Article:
The nurse walked my kidney from my opened body to his, over a bridge between surgical wings, beams with eyes to look in on the sick. Eight hours later she would be home, while the night-nurse checked my catheter and brought two Percocet in a paper ramekin. Those minutes, while one doctor stitched my stomach in three places, and one doctor made new branches in my brother, she walked the spine of an angel, a space between he lives and he dies, a blur between rolling beds, paper gowns, my body outside of my body in a stranger’s hands at dawn, under fluorescent light. She, the last prayer there was to make.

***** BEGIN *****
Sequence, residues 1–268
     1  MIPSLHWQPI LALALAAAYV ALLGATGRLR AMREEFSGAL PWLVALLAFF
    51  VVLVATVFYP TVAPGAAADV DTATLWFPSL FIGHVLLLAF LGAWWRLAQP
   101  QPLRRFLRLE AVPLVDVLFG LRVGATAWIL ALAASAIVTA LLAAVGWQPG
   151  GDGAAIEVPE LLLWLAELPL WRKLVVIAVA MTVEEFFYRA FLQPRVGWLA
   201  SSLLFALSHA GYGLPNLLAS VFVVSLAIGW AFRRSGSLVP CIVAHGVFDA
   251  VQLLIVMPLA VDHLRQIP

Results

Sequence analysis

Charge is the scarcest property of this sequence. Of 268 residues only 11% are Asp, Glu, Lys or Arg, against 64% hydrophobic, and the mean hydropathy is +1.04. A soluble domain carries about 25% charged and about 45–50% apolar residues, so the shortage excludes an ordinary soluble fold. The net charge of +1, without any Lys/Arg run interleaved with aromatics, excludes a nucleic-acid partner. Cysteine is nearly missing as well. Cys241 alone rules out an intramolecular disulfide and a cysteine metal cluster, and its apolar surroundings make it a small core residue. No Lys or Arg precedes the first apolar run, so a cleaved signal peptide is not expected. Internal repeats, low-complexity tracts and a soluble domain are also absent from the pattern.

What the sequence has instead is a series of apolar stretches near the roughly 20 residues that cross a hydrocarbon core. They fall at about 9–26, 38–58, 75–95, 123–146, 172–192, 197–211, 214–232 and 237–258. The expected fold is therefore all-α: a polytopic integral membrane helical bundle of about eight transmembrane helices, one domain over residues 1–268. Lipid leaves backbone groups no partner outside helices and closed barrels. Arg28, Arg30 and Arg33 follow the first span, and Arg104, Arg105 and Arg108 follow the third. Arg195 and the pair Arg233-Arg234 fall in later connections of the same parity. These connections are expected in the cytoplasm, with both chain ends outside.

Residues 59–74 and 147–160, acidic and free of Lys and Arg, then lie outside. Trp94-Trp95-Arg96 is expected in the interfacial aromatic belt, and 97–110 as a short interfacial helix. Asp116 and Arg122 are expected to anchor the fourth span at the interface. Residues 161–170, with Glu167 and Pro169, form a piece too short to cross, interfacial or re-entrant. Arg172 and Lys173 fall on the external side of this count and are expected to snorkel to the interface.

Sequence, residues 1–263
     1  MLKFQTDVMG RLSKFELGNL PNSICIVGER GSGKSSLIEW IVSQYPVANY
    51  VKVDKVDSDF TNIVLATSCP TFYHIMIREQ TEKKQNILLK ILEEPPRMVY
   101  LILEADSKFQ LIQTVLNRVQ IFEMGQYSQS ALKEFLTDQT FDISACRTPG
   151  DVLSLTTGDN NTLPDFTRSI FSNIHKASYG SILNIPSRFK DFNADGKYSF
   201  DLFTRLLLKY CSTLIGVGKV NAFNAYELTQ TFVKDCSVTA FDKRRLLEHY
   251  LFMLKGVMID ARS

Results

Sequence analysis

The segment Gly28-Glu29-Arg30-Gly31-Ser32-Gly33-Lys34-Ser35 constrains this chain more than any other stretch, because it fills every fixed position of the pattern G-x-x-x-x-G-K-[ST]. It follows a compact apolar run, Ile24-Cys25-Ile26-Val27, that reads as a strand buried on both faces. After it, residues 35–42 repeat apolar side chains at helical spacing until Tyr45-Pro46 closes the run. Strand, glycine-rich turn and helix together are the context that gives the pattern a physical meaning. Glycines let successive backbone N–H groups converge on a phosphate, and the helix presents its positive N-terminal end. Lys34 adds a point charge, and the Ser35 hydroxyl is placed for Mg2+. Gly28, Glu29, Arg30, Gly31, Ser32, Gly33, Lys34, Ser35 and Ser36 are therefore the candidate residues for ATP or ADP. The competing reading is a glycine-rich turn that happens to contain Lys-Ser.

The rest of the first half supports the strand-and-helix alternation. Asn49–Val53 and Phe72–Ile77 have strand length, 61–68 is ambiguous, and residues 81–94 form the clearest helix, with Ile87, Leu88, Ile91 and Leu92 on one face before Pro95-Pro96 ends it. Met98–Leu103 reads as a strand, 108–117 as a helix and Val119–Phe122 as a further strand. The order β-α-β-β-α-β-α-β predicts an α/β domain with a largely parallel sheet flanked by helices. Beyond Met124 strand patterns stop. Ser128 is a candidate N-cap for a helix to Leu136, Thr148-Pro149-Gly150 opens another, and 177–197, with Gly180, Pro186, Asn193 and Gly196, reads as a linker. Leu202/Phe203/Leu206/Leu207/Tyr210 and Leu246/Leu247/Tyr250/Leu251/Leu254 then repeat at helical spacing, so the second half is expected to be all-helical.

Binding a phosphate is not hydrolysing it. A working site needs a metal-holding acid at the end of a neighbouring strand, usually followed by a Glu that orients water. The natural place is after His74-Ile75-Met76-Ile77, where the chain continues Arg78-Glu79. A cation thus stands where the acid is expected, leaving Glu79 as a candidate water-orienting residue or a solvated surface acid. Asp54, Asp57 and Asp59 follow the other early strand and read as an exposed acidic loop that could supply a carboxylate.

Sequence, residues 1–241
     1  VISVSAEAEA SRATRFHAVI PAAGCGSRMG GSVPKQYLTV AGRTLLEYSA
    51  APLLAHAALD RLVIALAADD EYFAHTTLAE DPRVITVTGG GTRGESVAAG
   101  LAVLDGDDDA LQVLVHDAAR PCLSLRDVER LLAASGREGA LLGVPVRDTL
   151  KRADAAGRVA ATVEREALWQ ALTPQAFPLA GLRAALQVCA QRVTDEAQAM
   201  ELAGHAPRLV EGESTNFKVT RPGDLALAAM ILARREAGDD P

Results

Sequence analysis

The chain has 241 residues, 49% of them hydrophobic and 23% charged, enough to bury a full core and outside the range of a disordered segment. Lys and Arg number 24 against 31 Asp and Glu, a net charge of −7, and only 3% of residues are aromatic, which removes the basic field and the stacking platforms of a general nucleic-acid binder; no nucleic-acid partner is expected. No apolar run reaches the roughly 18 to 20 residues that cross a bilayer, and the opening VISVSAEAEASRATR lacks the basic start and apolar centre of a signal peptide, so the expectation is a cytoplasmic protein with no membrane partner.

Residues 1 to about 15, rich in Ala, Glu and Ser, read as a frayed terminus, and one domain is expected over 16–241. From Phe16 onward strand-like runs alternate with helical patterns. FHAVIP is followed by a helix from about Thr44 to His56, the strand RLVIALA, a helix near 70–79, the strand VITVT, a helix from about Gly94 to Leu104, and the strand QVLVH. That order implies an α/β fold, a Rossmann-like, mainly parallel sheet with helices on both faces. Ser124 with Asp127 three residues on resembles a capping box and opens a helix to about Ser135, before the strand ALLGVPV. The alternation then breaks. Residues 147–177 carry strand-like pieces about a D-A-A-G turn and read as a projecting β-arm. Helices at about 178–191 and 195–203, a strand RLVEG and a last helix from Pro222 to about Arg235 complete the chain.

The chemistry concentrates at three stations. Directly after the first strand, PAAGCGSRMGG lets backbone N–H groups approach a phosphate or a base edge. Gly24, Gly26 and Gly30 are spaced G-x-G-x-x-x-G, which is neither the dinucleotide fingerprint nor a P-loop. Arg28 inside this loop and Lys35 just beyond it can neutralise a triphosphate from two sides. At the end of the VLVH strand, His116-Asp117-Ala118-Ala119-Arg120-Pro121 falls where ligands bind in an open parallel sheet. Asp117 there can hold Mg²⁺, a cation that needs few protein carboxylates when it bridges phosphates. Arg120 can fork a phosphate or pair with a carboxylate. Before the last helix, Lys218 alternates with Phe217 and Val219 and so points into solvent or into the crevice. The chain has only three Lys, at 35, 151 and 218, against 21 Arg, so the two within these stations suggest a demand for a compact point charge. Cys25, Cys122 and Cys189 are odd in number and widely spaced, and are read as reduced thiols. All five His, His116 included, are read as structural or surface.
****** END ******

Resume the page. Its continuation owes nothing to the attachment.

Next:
EMILY SCHULTEN’s work has recently appeared or is forthcoming in Prairie Schooner, New Ohio Review, The Greensboro Review, and Los Angeles Review. She is the author of Rest in Black Haw (New Plains, 2009).